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Power route planned; High-voltage electrical line leads to Navarro County  

Credit:  By Janet Jacobs, Corsicana Daily Sun, corsicanadailysun.com 4 January 2011 ~~

Corsicana – Getting power from West Texas wind farms has been the goal for years, and now the route for one of the major transmission lines has been approved by the Texas Public Utilities Commission.

The 311 miles of high-voltage electrical lines will start near Snyder in Scurry County, and come across the north-central portion of the state to end in Navarro County, where it will tie into transmission lines that run north and south between the state’s major metropolitan centers.

The cost of the project will be $767.8 million, according to Lone Star Transmission, the company building the line.

One of the three 345-kilovolt substations will be built in Navarro County, near the intersection of FM 709 and FM 2452, a few miles south of the Corsicana city limits. The other two will be in Hill and Shackelford counties.

“The substation work is going to start very soon,” said David Turner, project manager for Lone Star. “We’re doing three substations and two series compensation stations. Those stations are scattered over our project area, which is 300 miles long.”

The Navarro substation connects the wind-farm energy system to traditional systems. Specifically, it will tie into the Big Brown – Watermill and Limestone – Venus transmission lines, according to the Public Utility Commission.

The design and survey work on the Navarro substation will start in coming weeks, with actual construction set to begin in late winter or early spring, Turner said.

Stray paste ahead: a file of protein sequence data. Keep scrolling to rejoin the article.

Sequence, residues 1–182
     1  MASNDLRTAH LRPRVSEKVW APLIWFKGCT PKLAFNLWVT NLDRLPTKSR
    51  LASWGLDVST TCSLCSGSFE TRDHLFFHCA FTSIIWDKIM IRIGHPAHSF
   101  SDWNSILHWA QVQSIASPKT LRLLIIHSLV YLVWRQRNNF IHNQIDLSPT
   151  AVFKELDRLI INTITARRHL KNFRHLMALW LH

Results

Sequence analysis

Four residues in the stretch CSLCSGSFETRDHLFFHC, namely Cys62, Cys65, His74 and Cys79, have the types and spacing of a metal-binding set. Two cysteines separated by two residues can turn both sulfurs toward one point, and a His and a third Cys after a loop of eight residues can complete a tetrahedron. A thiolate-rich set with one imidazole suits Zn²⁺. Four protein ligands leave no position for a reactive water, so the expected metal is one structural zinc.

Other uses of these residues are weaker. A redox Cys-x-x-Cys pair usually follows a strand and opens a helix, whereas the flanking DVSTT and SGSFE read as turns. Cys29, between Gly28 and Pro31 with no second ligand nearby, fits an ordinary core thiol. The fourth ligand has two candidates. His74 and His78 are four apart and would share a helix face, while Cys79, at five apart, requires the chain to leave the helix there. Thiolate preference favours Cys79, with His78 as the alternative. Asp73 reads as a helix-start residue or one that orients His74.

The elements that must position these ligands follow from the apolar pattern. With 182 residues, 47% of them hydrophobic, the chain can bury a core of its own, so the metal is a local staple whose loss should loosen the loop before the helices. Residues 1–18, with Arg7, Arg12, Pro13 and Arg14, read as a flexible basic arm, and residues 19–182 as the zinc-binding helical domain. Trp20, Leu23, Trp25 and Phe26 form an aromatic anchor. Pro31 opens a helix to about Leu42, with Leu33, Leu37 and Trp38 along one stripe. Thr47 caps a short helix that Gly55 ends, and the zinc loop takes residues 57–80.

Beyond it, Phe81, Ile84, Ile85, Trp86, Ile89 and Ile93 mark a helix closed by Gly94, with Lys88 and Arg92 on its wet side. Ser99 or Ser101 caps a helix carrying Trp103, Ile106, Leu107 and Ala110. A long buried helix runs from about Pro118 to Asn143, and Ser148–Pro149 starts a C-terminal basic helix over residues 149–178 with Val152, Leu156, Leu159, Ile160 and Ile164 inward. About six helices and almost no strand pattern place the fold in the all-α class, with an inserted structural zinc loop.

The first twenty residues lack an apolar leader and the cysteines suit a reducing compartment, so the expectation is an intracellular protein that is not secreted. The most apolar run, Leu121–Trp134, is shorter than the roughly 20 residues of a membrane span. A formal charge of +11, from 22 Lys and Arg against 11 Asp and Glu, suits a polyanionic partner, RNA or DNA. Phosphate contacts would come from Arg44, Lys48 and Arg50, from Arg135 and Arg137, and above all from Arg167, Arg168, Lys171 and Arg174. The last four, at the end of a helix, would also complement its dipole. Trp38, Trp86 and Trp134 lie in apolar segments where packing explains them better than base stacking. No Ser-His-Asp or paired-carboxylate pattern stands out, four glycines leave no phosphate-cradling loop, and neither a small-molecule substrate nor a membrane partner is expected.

The transmission lines will cross the following counties: Scurry, Fisher, Jones, Mitchell, Taylor, Callahan, Shackelford, Stephens, Eastland, Palo Pinto, Erath, Comanche, Somervell, Johnson, Bosque, Hill, and Navarro, according to Lone Star.

“Work on the lines starts this summer, July and August,” Turner said. In the meantime, representatives with the company will be looking to sign contracts for rights of way needed to string the lines.

“We’re negotiating with landowners to acquire easement,” he said. “Those landowners crossed by the approved route will be contacted very soon by Lone Star to acquire easements. As the easements are acquired, construction will be approved this summer.”

After some dispute with landowners in Hill County, which went to a State Administrative Law Judge, the route was approved by the PUC in November. The state agency denied a deadline extension for the West Texas end of the line when the group met in regular session in December.

Lone Star intends to use metal and concrete monopoles, between 100 and 120 feet high, for most of the line instead of the typical steel lattice-style towers that are usually as high as 180 feet.

“Benefits of constructing the project with monopoles include less visual impact and less ROW required when compared to lattice tower structures,” the company stated on its Web site.

While the timetable for the project is still uncertain, the deadline remains firm.

“Our projected finish is March 2013,” Turner said.

In all, the state has authorized the construction of nearly $5 billion worth of transmission lines to bring clean, renewable wind energy to the more populated portions of Texas, according to Dottie Roark of the Energy Reliability Council of Texas (ERCOT). The cost of building the lines will be paid for by the transmission companies, like Lone Star, with the promise that they can recover their money through a blanket fee for all Texas electricity customers. The estimated cost to an average home will be $4 a month, according to the PUC.

Source:  By Janet Jacobs, Corsicana Daily Sun, corsicanadailysun.com 4 January 2011

This article is the work of the source indicated. Any opinions expressed in it are not necessarily those of National Wind Watch.

The copyright of this article resides with the author or publisher indicated. As part of its noncommercial effort to present the environmental, social, scientific, and economic issues of large-scale wind power development to a global audience seeking such information, National Wind Watch endeavors to observe “fair use” as provided for in section 107 of U.S. Copyright Law and similar “fair dealing” provisions of the copyright laws of other nations. Send requests to excerpt, general inquiries, and comments via e-mail.

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